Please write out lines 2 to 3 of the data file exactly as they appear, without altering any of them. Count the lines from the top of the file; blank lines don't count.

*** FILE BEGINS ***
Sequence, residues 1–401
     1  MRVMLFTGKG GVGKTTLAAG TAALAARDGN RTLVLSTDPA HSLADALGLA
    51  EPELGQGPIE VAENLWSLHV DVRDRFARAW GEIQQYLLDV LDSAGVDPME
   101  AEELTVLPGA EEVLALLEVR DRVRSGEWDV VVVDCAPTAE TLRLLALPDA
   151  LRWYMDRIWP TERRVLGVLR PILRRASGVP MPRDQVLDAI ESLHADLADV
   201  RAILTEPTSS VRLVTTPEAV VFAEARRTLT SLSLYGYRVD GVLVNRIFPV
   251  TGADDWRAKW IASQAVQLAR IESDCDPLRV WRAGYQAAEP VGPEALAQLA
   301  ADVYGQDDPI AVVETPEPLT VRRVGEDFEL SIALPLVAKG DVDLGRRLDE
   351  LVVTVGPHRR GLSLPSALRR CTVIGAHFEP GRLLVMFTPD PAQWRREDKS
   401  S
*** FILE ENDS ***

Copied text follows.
     1  MRVMLFTGKG GVGKTTLAAG TAALAARDGN RTLVLSTDPA HSLADALGLA
    51  EPELGQGPIE VAENLWSLHV DVRDRFARAW GEIQQYLLDV LDSAGVDPME